Ultimately, Biden’s coalition was large enough for the former vice president to seal a victory, although not the sort of overwhelming wave that Democrats hoped would secure a commanding majority in the Senate. Biden’s win was locked in Saturday when a narrow victory in Pennsylvania handed him an Electoral College majority after he had cemented leads in battlegrounds Wisconsin and Michigan on Wednesday.
Trump refused to concede and threatened further legal action on ballot counting.
Biden flipped the industrial states by securing core Democratic groups. He won 55% of women nationwide. He was backed by 56% of voters under 45 and 90% of Black voters. Biden also led among moderate voters, with 61%. He outpaced Trump in the suburbs, 54% to 44%, and dominated with roughly two-thirds of voters in urban areas.
And while Trump won white voters overall, Biden ate away at his advantage among white women and young white voters. And in one sign of the growing education gap between the parties, Biden led by a narrow margin among white college graduates, while Trump dominated among white voters without a college degree.
This was a race about turning out decided supporters — about three-quarters said they knew all along which candidate they backed.
Still, both candidates undertook major efforts to turn out new voters, those who sat out in 2016 or cast ballots for minor-party candidates. AP VoteCast shows those voters ultimately favored Biden — about 60% of them nationwide cast ballots for the Democrat — and made up about 20% of all voters.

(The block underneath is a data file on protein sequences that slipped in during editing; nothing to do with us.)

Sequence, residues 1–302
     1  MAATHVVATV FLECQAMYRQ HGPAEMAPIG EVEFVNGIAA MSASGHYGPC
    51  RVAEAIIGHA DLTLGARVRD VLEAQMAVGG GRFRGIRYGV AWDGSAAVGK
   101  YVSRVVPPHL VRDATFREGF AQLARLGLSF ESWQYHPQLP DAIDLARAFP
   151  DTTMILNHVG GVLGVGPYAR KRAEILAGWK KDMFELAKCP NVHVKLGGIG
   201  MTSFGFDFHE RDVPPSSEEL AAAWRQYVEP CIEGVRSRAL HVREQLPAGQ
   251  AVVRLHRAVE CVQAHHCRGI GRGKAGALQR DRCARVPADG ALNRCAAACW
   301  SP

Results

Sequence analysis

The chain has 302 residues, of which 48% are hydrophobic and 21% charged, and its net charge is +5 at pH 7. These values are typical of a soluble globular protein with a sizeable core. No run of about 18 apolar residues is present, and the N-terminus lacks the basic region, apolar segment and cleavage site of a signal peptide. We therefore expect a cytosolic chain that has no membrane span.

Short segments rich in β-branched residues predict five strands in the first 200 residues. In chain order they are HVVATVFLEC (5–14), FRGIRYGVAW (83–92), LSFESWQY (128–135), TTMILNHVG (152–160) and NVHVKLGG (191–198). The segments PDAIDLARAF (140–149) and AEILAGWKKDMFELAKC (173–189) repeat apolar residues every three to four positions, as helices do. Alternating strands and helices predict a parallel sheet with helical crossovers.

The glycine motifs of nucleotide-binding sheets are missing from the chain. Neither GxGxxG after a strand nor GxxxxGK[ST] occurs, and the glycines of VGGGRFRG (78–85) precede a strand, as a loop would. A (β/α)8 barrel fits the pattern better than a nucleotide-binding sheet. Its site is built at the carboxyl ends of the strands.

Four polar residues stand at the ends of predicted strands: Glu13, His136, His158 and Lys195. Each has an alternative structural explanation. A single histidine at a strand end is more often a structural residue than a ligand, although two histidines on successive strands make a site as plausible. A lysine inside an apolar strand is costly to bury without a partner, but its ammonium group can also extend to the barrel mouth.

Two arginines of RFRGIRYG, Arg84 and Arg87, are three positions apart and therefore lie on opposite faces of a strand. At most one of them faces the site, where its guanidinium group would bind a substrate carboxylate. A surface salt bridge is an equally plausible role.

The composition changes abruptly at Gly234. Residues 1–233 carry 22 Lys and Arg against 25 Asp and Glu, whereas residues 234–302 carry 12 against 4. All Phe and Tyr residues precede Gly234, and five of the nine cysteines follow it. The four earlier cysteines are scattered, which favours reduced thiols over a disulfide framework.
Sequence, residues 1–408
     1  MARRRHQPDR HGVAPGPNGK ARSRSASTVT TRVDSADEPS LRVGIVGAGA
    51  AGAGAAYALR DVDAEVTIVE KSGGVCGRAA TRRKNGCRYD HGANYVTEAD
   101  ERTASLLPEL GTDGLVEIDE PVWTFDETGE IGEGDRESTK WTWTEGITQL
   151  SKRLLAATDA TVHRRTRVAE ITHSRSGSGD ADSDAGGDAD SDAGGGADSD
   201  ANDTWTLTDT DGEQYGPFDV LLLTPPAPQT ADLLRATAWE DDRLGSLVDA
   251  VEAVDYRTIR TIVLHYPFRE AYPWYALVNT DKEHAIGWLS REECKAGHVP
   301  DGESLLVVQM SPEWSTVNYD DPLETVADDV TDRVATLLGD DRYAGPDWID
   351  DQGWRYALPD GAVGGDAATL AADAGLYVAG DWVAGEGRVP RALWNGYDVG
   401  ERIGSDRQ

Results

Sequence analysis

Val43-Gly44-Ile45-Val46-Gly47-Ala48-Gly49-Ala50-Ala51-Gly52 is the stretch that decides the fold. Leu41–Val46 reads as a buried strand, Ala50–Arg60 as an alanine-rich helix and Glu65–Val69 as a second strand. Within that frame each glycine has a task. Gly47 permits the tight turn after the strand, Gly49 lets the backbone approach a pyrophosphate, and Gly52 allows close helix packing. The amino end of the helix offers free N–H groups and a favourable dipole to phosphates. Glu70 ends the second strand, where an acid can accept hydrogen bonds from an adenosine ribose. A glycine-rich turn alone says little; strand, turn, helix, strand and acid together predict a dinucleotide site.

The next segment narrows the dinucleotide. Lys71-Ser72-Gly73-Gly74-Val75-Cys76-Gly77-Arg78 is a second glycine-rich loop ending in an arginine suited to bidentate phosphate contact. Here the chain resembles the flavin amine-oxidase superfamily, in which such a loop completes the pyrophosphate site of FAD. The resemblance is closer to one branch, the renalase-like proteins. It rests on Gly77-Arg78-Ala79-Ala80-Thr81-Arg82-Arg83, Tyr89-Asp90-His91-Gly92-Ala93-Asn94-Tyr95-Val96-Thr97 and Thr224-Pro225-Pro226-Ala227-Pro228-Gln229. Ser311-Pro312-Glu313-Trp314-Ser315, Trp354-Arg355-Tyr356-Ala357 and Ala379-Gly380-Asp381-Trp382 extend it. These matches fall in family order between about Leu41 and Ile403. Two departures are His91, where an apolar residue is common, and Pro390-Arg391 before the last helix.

Nearly three-quarters of U.S. voters were white and 55% of them supported Trump. A solid 81% of white evangelical Christians backed him. Men leaned toward him over Biden, 52% to 46%. Trump won 60% of voters living in small towns and rural areas.
Eight months into a pandemic that has disproportionately hit Black and Latino Americans, Biden voters were more likely than Trump voters to say they’d been affected personally by the coronavirus pandemic. And Biden’s campaign succeeded in making the election about the controversial president, as well as his leadership on the virus.
For Brittany Walker, a 29-year-old nurse in Virginia Beach, Virginia, the tipping point was when Trump himself contracted the virus. She cast her ballot for Biden.
“To see that Trump was saying that he had it ... and was wearing no masks; to me that’s a very big deal,” said Walker, who works on a hospital floor that cares for COVID patients. “How can you show us how to live if you’re not really living it yourself?”
Biden’s message on the virus also appears to have resonated in key battleground states, especially those that saw rising virus cases in the weeks leading up to Election Day. In Wisconsin, which saw an October spike in cases, 45% of voters said the pandemic was the top issue facing the country. They were more likely to say the pandemic is not at all under control, compared with voters nationwide.